Friday, July 29, 2011

Are DC schools really that bad

Or is there a cupcake bubble?

Bill Kerlina won a plum assignment when he was hired away from Montgomery County in July 2009 to become a principal in Northwest Washington. Phoebe Hearst Elementary was a small, high-performing school, right across the street from Sidwell Friends.

He grew to love its students, teachers and — for the most part — its parents.

Instead, he said, the dysfunction he encountered in D.C. public schools led him to quit this month, fed up and burned out.

Kerlina, a baby-faced 39, is leaving Hearst, not a struggling school in a poor neighborhood. He’s also leaving education altogether after 17 years — to go into the gourmet cupcake business.

He said he is quitting a system that evaluates teachers but doesn’t support their growth, that knuckles under to unreasonable demands from parents, and that focuses excessively on recruiting neighborhood families to a school where most students come from outside the attendance zone.

Kerlina signed on just as Rhee was rolling out the IMPACT evaluation system, which called for five classroom observations to assess criteria such as clarity of presentation, content knowledge and ability to teach children with varying skill levels. Some teachers would be held accountable for student growth on standardized tests. Those with poor evaluations were subject to dismissal.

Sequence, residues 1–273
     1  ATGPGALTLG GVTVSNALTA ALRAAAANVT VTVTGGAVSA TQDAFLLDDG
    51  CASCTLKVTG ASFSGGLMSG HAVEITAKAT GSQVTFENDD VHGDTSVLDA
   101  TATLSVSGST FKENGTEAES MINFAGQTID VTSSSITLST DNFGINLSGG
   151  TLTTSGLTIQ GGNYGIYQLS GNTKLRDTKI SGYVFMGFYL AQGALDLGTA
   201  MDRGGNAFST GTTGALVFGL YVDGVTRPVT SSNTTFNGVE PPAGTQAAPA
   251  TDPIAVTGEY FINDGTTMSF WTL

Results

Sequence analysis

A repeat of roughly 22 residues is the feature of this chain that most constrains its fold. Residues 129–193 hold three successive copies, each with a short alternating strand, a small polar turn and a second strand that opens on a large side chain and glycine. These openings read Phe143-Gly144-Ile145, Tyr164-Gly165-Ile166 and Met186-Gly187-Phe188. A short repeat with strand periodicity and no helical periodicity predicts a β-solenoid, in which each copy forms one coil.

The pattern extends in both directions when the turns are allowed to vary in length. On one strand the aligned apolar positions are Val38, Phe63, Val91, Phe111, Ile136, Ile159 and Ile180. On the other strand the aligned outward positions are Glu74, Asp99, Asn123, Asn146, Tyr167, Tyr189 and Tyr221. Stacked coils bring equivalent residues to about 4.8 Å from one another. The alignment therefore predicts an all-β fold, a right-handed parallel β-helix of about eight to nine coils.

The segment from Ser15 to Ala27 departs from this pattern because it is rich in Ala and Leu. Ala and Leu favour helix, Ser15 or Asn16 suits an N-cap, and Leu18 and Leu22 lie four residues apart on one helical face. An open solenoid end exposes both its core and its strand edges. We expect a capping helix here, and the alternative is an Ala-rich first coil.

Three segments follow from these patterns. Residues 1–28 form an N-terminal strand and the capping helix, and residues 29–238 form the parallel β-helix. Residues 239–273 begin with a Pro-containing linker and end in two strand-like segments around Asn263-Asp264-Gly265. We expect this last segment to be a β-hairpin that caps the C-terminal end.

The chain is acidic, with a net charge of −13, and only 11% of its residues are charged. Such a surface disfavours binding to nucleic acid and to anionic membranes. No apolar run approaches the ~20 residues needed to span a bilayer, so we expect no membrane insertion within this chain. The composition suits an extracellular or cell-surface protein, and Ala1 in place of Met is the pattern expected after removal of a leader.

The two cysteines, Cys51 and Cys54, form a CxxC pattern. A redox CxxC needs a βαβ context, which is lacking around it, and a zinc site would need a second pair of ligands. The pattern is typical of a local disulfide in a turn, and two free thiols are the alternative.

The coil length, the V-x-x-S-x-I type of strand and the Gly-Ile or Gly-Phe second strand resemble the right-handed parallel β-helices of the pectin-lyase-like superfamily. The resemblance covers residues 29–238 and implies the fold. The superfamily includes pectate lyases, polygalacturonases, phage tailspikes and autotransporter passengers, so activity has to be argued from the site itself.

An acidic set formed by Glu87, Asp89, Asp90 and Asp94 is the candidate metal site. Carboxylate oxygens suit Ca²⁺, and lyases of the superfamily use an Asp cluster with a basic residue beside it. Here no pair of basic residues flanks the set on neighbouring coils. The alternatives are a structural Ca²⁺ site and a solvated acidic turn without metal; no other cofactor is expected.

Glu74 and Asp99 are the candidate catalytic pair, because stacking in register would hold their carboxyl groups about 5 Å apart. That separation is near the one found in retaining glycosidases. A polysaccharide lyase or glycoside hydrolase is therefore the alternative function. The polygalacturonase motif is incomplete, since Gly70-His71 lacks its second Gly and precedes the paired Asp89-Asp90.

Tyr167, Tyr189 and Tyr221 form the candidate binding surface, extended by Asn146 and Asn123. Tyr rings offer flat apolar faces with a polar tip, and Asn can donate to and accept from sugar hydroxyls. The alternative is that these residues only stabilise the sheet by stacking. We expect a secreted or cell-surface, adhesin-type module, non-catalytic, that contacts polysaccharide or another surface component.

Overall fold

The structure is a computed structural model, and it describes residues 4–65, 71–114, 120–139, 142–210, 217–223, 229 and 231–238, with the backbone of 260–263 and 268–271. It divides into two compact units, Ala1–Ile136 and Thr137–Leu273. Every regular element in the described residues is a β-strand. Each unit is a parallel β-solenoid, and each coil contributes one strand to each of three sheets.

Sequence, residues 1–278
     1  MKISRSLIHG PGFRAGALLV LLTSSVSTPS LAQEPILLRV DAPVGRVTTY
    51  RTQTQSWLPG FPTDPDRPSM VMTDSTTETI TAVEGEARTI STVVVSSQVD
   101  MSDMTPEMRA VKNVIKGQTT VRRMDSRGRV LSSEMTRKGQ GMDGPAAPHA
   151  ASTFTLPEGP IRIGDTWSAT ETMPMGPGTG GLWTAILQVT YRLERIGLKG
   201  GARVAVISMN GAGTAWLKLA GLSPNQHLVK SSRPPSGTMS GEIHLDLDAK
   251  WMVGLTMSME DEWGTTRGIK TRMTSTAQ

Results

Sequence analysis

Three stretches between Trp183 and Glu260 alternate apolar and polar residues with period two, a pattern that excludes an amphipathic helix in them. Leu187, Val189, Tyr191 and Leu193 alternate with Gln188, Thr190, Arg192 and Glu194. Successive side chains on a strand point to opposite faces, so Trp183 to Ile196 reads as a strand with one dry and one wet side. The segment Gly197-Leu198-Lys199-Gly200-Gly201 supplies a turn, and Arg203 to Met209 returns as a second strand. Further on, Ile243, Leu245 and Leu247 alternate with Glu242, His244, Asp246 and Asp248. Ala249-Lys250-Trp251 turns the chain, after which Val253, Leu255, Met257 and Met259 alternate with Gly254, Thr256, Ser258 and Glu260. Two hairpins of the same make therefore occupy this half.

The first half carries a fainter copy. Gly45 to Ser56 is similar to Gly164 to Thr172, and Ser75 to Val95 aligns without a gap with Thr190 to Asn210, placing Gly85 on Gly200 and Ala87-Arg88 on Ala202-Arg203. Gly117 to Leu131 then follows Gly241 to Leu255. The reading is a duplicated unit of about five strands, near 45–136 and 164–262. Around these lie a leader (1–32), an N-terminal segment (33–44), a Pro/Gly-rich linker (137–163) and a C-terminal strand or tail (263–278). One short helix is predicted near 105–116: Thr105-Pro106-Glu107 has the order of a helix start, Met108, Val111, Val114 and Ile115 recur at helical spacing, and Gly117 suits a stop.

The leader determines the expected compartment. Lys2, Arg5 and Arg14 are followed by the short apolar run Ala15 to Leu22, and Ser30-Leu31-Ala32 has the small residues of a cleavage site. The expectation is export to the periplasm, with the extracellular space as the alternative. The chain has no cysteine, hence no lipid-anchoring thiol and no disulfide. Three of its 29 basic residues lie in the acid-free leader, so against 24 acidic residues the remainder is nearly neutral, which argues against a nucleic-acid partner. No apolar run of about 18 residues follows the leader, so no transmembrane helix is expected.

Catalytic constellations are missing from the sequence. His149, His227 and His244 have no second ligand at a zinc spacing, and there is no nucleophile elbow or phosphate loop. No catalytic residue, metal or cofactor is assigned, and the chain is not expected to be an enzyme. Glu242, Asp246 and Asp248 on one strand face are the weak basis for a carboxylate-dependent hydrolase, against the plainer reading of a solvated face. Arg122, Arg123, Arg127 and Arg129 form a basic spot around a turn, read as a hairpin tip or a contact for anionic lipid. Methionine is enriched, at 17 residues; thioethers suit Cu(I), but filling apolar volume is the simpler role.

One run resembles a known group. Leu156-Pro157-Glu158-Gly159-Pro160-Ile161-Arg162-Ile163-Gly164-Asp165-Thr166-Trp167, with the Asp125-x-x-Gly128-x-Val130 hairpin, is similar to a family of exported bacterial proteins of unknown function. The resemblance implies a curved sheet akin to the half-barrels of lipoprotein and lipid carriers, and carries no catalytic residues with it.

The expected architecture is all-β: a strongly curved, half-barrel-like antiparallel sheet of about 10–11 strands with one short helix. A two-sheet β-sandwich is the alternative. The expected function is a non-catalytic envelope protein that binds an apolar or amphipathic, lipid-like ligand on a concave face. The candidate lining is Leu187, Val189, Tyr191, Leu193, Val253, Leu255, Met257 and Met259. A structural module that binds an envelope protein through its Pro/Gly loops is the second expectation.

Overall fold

It was a major change. ... He said he came to believe that the initiative offered virtually no provisions to help teachers improve.

“The reform, in my opinion, is getting rid of people,” he said.

Kerlina said that he had good relations with most parents but that some could be a trial.
One parent called his cellphone over Memorial Day weekend to complain that a tutor from Sidwell had not shown up at Hearst for her child that Friday. Another couple was convinced that delays by teachers in writing private-school references had ruined their child’s chances. Kerlina said he called each of the schools to assure them the applications were on time.

More problematic, Kerlina said, were parents who went straight to the central office without trying to speak to him. D.C. principals are often undermined, he said, by a system that indulges questionable parent behavior. Kerlina criticized the school system’s “critical response team,” which he described as a cadre of young staff with little school-level experience.

In April, Kerlina said, the response team told him to readmit a student who had been removed from Hearst two months earlier after an investigation found that his family lived in Prince George’s County. Kerlina said team member Jared Solomon told him the family had established residence in Southeast Washington.
Hearst had a long waiting list, he said, and the student in question was a “behavior nightmare.”

“It’s in the best interests of the child,” Kerlina recalled Solomon saying.

“I have the best interests of a school to think about,” Kerlina said.

Soon after the student returned to Hearst, Kerlina said, he was suspended for stabbing another student with a pen.

And then later:

It looks like another D.C. school principal has decided to trade classroom observations and irate parent calls for the cupcake business.

District officials confirmed Wednesday that Noyes Education Campus Principal Adell Cothorne has resigned after one year at the school in Northeast Washington. Officials would not elaborate on the departure.

According to a new Web site, Cothorne, 40, is joining former Hearst Elementary principal Bill Kerlina as co-owner of Cooks ’n Cakes, a gourmet cupcake venture.

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